A friend of mine, a speech sciences professor, informed about the St. Louis based company Electronic Speech Enhancement (ESE). This company designs, manufactures and sells an augmentative communication device called the Speech Enhancer. This device that listed for about $5,300.00 at the time, amplifies and clarifies speech. After reading the marketing literature from this company, I was quite impressed and decided to work on obtaining their product. I did not investigate any other augmentative communication devices on the market; thus, I will not evaluate how this product compares to others in the market, in terms of technology, quality, cost and so forth. I shall simply discuss my experience with this particular instrument. I will first describe the Speech Enhancer and then discuss how this device had impacted my life. Next, I share the challenge that was involved in obtaining funding, followed by some helpful information for others who seek funding for this or other augmentative communication devices.

The Speech Enhancer

The Speech Enhancer consists of a headset microphone and a lightweight battery-powered unit attached to an adjustable belt designed to be worn around the waist. I find it easier to use the belt as a shoulder strap so that the unit rests below my waistline. The headset microphone has a small speaker that is placed over one ear so you can hear your own clarified speech. When the Speech Enhancer is not being used it is plugged into a battery charger, which plugs into a wall outlet. Wheelchair users can hang the unit over their wheelchair. The device works with the telephone and voice recognition software. When utilized with voice recognition software, the Speech Enhancer can be plugged directly into the computer microphone jack.

When I speak, my voice is instantly reproduced sounding like me but clearer and louder. According to the company’s brochure:

Automatically adapting to an individual’s voice-characteristics, it [the Speech Enhancer] analyzes the articulation, resonation and phonation, then in real-time…makes a best-fit clarification of speech. It helps primarily with omissions and distortions. Substitutions are not corrected by the device, however therapists may find that the auditory feedback channel assists the person to correct their own substitutions.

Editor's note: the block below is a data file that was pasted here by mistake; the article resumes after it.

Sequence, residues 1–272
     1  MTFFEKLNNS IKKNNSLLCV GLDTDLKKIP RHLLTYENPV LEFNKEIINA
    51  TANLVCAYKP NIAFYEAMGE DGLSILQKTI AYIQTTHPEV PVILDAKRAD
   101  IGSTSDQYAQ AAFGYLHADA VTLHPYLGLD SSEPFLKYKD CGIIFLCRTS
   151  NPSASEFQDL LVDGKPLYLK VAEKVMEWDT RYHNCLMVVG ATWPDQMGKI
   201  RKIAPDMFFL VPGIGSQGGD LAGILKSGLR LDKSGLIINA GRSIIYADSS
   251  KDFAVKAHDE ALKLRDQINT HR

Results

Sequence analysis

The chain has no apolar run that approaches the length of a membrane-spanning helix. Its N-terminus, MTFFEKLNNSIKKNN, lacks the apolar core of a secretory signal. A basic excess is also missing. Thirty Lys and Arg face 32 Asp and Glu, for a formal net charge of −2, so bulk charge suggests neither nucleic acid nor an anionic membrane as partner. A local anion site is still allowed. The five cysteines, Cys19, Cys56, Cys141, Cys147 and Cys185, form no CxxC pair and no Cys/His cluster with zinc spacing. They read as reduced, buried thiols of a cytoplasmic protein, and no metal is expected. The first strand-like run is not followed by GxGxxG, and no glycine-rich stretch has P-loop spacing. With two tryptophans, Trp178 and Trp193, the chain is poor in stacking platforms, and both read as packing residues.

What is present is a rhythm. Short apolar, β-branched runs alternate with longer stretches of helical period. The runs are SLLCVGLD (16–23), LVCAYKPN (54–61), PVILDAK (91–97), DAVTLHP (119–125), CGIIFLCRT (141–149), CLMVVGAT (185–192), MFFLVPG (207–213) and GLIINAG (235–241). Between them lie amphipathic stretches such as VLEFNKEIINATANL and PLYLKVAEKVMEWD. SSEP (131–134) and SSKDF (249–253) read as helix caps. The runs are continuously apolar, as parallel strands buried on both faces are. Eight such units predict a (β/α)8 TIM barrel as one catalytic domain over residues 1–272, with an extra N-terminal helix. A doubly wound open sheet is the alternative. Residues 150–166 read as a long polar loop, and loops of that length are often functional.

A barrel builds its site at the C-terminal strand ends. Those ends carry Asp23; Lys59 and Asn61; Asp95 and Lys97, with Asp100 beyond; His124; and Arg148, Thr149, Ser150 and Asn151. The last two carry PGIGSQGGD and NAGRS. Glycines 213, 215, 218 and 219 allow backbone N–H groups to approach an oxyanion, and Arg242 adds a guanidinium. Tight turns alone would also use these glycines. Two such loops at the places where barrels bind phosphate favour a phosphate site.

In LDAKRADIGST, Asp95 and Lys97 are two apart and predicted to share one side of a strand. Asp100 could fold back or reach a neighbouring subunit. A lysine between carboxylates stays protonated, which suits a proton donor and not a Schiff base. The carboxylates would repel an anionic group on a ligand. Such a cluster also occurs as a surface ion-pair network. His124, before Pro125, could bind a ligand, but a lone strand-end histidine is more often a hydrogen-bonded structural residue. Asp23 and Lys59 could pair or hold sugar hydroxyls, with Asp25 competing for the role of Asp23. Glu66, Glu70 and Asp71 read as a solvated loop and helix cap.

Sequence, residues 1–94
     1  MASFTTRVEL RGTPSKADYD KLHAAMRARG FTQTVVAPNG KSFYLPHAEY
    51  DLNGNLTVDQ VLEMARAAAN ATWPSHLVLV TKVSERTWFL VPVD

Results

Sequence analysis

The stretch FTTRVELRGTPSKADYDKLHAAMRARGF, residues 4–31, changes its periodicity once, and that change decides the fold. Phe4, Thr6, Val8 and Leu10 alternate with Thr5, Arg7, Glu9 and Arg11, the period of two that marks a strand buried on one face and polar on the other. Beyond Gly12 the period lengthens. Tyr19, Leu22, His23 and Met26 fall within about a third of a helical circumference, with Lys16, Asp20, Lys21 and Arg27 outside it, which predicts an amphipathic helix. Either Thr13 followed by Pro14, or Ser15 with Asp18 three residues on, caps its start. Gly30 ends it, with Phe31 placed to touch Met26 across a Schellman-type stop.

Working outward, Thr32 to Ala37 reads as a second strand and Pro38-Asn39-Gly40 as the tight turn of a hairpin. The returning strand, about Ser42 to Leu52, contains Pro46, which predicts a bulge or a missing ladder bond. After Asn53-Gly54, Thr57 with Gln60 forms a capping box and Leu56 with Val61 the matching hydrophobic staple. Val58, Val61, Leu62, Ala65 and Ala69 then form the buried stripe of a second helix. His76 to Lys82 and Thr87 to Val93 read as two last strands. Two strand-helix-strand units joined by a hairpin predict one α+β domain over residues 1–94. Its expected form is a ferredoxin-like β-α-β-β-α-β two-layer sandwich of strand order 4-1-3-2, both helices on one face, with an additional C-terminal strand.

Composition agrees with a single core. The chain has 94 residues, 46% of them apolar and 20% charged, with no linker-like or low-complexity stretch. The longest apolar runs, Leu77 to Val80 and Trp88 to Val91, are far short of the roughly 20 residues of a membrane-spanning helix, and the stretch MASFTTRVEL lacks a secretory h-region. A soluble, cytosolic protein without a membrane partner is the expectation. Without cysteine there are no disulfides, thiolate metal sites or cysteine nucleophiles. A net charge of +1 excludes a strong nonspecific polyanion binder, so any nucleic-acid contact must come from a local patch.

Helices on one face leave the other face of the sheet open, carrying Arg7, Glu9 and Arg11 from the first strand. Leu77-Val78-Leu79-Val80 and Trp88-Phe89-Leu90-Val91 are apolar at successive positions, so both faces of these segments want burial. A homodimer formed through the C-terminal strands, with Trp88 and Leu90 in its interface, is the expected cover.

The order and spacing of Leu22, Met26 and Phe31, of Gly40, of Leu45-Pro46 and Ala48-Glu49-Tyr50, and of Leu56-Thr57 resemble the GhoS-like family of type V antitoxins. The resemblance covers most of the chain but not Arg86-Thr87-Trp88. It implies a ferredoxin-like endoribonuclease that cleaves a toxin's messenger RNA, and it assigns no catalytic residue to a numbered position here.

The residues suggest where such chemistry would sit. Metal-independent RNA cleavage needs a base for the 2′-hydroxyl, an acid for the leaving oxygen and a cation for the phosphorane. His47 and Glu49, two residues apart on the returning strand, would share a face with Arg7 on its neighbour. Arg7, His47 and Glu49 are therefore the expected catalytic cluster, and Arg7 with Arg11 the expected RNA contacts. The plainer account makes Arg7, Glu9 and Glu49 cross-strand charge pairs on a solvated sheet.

I have found that the auditory feedback channel does help me make corrections that make my speech more intelligible.

Ambient or background noise can mask speech, thereby decreasing intelligibility of the speaker’s message. This is especially true for people with unclear or soft speech. Traditional microphones pick up the loudest sound present; for persons with soft speech, the background noise is often the loudest sound present. The company’s Proximity Microphone, which is placed very close to the mouth, blocks ambient or background noise.

The Speech Enhancer, especially when used in the ‘Ultra Sensitive’ mode, allows me to speak more clearly at a normal volume with less effort. The Ultra Sensitive mode generates some speech sounds that I produce at a sub-audible level. This mode is extraordinarily helpful to me. When I first acquired the Speech Enhancer, the only way to use this mode was with an external speaker that was placed near the user, or to have the listener listen through ‘privacy headphones.’ The company explained that the Ultra Sensitive mode was too sensitive to be used with the unit’s internal speaker. (Edit: I do not understand what they mean by this.)

Recently, ESE created the Vest Pocket speaker, a very small speaker that is placed inside a shirt or coat pocket. The fabric barrier minimizes feedback that can produce a squealing sound. The lightweight Vest Pocket speaker is plugged into the Speech Enhancer allowing the user to use the Ultra Sensitive mode full-time. Because of my limited manual dexterity, I decided to permanently attach the speaker to the shoulder strap so that it rests at waist level. I covered the speaker with some heavy fabric to minimize feedback.

I will now share how the Speech Enhancer has impacted my life.

My Personal Experience with the Speech Enhancer